Tips to Manage a Messy Inbox


Ever since email entered our lives, we have become totally sold on it. Today, in our professional and personal lives, we are bombarded with hundreds of emails every day. Writing letters on paper and mailing has become part of history.

Significantly, it has become an extremely useful communication tool in our worklife (and personal life too). Email is convenient and fast and it empowers entrepreneurs to run their businesses from just about anywhere. You can multitask – communicate with clients, customers, check with employees, set up meetings from your office or on route.

But when used inappropriately, email can hinder productivity. More than one-quarter of a worker’s day on average is spent answering and reading emails, according to research released in 2012 by the McKinsey Global Institute. The survey found that email is the second-most time-consuming activity for workers, next to “role-specific tasks.”

Business leaders, CEOs, managers and staff often receive hundreds, if not thousands, of emails a day. It’s not possible to read and respond to every message. A cluttered email inbox, littered with old, unopened or promotional messages, will not only frustrate you but will prevent you from optimizing your time.

How do you manage a messy inbox? Here are some tips to better manage your emails. 

•  Set a time slot for emails

Set aside time to read and respond to emails. Schedule specific blocks of time throughout the day for checking your email. You can also turn off your cellphone and keep your office door shut – to prevent interruptions by family members (if you work from home) or employees. The amount of time required for viewing and replying to emails will depend on how frequently you check messages and how many you typically receive. Some entrepreneurs find it more effective to dedicate 15 minutes per hour and others prefer to only check email just two or three times a day.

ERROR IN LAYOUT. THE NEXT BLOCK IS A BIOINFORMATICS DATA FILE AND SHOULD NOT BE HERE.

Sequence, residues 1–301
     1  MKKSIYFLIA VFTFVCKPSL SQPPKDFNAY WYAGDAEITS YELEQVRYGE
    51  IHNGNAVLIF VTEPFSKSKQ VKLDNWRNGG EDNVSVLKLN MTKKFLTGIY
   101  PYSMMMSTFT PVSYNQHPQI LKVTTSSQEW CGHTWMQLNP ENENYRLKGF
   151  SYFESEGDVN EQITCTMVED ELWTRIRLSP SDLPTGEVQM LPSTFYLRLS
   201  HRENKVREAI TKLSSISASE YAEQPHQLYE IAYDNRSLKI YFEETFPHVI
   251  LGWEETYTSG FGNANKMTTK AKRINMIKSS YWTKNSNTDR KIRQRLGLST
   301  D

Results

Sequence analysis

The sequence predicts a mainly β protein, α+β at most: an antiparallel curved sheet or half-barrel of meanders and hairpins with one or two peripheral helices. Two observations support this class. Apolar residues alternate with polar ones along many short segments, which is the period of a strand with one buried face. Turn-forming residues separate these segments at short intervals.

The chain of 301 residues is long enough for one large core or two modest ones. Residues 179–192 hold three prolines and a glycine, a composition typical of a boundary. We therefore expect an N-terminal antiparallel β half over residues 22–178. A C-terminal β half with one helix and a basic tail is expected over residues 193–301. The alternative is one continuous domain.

Act immediately

Take action immediately. To help keep your email inbox under control, make quick decisions and pursue immediate action. The idea is to not delay any work that can be accomplished right away.

While checking your messages, browse the inbox for emails that can be immediately deleted such as spam or promotional emails. Then select messages that don’t require a response and delete or archive them. Once you’ve reduced the number of messages in your inbox, you’ll be able to better evaluate which ones are the most critical. Remember, don’t let important emails sit in your inbox for days. Unless you’re on vacation, make it a habit to respond within 48 hours. Either reply to the sender as soon as you’ve read his or her message; or if you’re unable to respond immediately, connect with the sender and inform that you received the message and will respond shortly. Set a deadline and follow up.

•  Organize inbox with labels, folders and categories 

Most likely you would want to retain messages related to key aspects of your business, although a majority of emails can be deleted. Correspondence between clients, colleagues and employees can help keep information intact and can clarify any miscommunication. To keep your inbox in order – prioritize, group, sort and file messages. The better your filing system, the easier it will be to locate specific emails when you search for them. Create parent categories for broad subjects such as – clients, projects, finances etc. Then use subcategories to file emails related to specific clients or projects. Ensure the subject line is search-friendly, before you file a message. If it doesn’t accurately describe the content of the email, you can edit the subject line before it’s categorized and archived.

•  Unsubscribe from irrelevant promotional emails

Often we see a lot of unwanted mails pushed on to our inbox. Newsletters and advertisements can overwhelm your inbox and bury important messages. Clean out the clutter. A clear option is to unsubscribe from receiving messages from specific senders if you no longer want to receive their mails or if it does not interest you, or you don’t have the time to read them.

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